Malignant Pleural Mesothelioma: IFCT-GFPC-0701 MAPS Phase III Trial Results

Malignant Pleural Mesothelioma: IFCT-GFPC-0701 MAPS Phase III Trial Results

Dr. Gerard Zalcman
Malignant pleural mesothelioma (MPM) is a locoregional cancer in which VEGF and VEGF receptors are highly expressed. The phase III randomized, open-label IFCT-GFPC-0701 MAPS trial was conducted to determine if the addition of the VEGF-specific angiogenesis inhibitor bevacizumab to standard chemotherapy would affect overall survival (OS) in patients with MPM (Abstract 7500). Gérard Zalcman, MD, PhD, of Caen University Hospital, France, presented the results of this study during the Lung Cancer—Non–Small Cell Local-Regional/Small Cell/Other Thoracic Cancers Oral Abstract Session held on Saturday, May 30. The study was sponsored by the French Cooperative Thoracic Intergroup and was conducted at 73 centers in France. Key eligibility requirements included being age 18-76, having unresectable histologically proven MPM, having at least one CT-measurable or -evaluable lesion, World Health Organization performance status 0-2, weight loss less than 10% of normal within the previous 3 months, and prior prophylactic radiation therapy. Patients were randomly selected 1:1 to receive 500 mg/m² of intravenous pemetrexed with 75 mg/m2 of cisplatin every 21 days for six cycles or the same regimen with the addition of 15 mg/kg of intravenous bevacizumab. The primary endpoint was OS.

Fig. 1
 A total of 448 patients were enrolled, with 225 patients receiving standard chemotherapy and 223 patients receiving bevacizumab plus standard chemotherapy. Approximately 75% were men, the median age was 65.7 years (range 34.7-75.9), and an epithelioid histology was present in 80.6% of patients. In the intention-to-treat (ITT) population, the median OS in the bevacizumab arm was 18.82 months (95% CI [15.90, 22.62]) compared with 16.07 months (95% CI [14.00, 17.93]) in the standard chemotherapy arm (stratified hazard ratio [HR] 0.76, 95% CI [0.61, 0.94]; p = 0.0127; Fig. 1). Median progression-free survival was 9.59 months (95% CI [8.49, 10.59]) in the bevacizumab arm compared with 7.48 months (95% CI [6.79, 8.13]) in the standard chemotherapy arm (stratified HR 0.61, 95% CI [0.50, 0.75]; p < 0.0001), also in the ITT population. All subgroup analyses favored the addition of bevacizumab with the exception of poor prognosis.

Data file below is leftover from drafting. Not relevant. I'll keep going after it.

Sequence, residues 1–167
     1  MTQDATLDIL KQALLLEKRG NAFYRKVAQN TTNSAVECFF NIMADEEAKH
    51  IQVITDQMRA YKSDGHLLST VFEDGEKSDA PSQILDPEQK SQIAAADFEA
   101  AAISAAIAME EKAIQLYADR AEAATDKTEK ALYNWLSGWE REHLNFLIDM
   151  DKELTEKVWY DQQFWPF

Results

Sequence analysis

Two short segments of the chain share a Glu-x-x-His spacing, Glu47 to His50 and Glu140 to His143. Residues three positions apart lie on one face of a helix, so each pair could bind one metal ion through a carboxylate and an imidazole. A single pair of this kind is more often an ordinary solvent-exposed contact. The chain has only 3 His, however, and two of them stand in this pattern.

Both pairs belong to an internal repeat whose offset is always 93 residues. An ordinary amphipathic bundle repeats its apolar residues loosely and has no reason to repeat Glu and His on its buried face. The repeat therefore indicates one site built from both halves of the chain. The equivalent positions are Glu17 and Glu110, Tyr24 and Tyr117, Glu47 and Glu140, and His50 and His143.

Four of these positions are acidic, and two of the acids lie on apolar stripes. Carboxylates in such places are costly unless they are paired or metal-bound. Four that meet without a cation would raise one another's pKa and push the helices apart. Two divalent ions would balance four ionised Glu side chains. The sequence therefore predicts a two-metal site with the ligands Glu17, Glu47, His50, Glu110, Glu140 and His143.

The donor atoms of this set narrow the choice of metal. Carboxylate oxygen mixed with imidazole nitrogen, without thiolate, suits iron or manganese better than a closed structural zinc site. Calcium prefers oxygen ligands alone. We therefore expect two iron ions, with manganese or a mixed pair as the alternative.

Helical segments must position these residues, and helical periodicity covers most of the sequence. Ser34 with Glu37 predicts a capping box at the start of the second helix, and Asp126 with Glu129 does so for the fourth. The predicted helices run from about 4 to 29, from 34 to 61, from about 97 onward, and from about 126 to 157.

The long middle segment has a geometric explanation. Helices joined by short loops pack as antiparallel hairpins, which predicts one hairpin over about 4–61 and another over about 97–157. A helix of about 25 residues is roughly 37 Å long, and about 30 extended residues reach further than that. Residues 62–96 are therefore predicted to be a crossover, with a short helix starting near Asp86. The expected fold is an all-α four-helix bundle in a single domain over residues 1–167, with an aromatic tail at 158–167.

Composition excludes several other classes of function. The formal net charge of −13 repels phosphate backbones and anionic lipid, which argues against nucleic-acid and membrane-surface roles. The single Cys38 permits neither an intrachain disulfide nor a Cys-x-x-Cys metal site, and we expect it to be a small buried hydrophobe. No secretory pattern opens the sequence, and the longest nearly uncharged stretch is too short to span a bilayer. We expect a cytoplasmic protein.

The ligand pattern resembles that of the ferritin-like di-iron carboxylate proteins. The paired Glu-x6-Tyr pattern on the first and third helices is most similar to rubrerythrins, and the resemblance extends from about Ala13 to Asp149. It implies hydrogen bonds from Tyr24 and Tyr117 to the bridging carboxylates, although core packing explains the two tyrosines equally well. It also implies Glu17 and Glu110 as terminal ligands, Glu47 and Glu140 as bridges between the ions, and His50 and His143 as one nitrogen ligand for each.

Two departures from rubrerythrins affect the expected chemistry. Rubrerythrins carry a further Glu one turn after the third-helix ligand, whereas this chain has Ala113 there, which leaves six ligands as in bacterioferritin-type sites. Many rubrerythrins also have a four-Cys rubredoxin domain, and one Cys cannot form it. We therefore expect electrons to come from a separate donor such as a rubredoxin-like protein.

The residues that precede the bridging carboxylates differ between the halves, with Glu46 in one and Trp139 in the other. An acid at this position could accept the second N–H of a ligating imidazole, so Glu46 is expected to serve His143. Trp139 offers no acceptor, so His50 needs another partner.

The safety analysis indicated that significantly more patients who received bevacizumab experienced grade 3/4 events (71.2%) compared with patients who received standard chemotherapy alone (62.1%; p = 0.04). In addition, significantly more grade 3/4 events of hypertension (23.0% vs. 0%; p < 0.0001) and arterial and venous thrombotic events (5.8% vs. 0.9%; p = 0.004) were reported among patients who received bevacizumab. Global quality-of-life measures were similar between the two arms. The overall conclusion was that the addition of bevacizumab to pemetrexed and cisplatin led to longer survival with acceptable toxicity in patients with MPM.

Discussant Anna K. Nowak, MBBS, PhD, FRACP, of the Sir Charles Gairdner Hospital, Australia, congratulated the investigators on conducting a well-designed study. Dr. Nowak noted that whether the bevacizumab, pemetrexed, and cisplatin triplet is widely adopted as a new standard of care in this patient population will depend on several factors, particularly cost-effectiveness and reimbursement decisions made by health care systems in different parts of the world.  

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